Ben Fuchs (01:43):
When you say destroyed, that seems really dramatic. What is it that would cause a part of the body or part of the brain that’s so significant as the area that’s affected in Parkinson’s disease, the substantia nigra? What would be a cause of destruction of this very vital area?
Dr. Russell Lebovitz (02:00):
Yeah. It’s a very recently recognized mechanism of disease that underlies not only Parkinson’s, but most of the other neurodegenerative diseases, including Alzheimer’s, a number of other dementias, ALS or Lou Gehrig’s disease. And it’s, what happens is, that something damage occurs in the brain over time and it leads to something which we would call Proteins Gone Rogue. And what happens is there are a few normal proteins in the brain that are absolutely required for normal activity, but a small subset of these proteins have a very unusual property. They can behave like transformers in the movie or on the television show. And literally without changing much about their primary structure, these proteins can basically flip into alternative shapes, they can transform. And proteins that can flip into at least two alternative forms, one of which is harmful, are called prions. And in the case of Parkinson’s, the protein that’s gone rogue, the protein that’s the transformer is called alpha-synuclein.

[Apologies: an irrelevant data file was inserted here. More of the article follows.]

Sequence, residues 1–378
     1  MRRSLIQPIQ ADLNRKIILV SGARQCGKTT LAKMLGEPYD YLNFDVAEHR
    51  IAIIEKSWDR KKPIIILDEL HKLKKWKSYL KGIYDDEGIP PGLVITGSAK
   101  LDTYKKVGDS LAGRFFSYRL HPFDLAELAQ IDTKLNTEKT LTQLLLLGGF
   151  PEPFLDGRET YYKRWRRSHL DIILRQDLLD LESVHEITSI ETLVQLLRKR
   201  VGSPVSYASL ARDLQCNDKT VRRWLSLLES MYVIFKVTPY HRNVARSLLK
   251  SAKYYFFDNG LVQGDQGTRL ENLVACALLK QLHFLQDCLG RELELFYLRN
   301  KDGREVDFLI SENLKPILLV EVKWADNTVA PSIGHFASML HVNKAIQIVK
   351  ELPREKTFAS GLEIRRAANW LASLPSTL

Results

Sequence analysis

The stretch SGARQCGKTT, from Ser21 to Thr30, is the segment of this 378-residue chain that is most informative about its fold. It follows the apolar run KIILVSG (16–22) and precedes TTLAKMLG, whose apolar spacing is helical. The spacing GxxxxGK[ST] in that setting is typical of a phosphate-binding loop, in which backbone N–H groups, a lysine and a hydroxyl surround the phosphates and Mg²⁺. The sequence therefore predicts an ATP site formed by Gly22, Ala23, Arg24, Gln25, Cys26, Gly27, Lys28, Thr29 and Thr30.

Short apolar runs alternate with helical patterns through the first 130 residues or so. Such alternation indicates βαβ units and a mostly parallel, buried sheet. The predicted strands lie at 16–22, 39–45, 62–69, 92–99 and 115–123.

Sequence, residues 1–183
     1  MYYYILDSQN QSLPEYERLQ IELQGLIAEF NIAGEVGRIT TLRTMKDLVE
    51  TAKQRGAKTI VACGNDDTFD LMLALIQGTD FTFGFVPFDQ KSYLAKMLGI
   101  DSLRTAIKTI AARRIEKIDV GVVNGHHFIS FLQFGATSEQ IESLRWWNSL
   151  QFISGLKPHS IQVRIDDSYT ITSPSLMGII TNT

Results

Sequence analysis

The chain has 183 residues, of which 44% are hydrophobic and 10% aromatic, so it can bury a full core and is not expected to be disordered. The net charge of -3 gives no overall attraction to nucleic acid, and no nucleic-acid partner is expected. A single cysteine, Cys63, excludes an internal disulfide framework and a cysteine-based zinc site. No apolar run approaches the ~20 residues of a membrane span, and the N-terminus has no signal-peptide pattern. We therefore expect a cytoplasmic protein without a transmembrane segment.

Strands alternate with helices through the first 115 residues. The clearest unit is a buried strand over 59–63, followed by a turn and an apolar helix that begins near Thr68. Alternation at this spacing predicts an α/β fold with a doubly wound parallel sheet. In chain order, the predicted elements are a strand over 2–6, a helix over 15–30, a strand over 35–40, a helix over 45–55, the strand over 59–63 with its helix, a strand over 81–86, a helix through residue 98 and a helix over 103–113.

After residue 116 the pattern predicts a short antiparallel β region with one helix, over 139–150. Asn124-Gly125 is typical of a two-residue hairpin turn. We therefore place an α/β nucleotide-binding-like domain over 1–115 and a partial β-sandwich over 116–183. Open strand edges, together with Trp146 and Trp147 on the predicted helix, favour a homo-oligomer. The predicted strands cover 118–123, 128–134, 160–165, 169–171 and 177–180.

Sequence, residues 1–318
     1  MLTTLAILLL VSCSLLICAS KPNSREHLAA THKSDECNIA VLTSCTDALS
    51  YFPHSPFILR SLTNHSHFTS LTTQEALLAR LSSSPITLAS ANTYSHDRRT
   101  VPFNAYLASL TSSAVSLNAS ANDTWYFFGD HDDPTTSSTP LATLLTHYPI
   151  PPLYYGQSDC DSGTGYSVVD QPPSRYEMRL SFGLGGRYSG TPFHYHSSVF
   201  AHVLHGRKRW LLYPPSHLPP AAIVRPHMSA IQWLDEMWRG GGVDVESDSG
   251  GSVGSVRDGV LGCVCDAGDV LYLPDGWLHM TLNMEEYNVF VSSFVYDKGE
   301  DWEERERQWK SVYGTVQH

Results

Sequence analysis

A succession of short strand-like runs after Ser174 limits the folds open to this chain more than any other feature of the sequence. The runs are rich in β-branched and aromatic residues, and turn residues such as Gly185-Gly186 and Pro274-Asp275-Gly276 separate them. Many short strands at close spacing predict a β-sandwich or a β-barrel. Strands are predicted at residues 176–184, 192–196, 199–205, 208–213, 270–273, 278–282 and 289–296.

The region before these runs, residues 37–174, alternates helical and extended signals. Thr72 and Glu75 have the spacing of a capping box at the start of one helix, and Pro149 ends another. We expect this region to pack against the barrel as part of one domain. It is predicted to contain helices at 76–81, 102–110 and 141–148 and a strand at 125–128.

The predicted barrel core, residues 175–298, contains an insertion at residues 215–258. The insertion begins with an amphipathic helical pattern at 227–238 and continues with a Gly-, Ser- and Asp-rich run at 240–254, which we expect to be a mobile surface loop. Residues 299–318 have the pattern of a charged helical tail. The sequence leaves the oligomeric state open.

Dr. Russell Lebovitz (03:10):
And again, alpha-synuclein is a good guy normally, but when it flips into this new form, this Darth Vader form, it has two properties that are damaging. One is an accumulation of the prion form of alpha-synuclein kills nerve cells. But even more importantly, what this form, this transformed form is it can convert the normal good form into the bad form. So, really just one or two cells that suddenly have alpha-synuclein gone rogue can then spread from cell to cell. And the regions that are most susceptible to synuclein damage in people happen to be what you mentioned, the substantia nigra of the midbrain, which helps us control movements.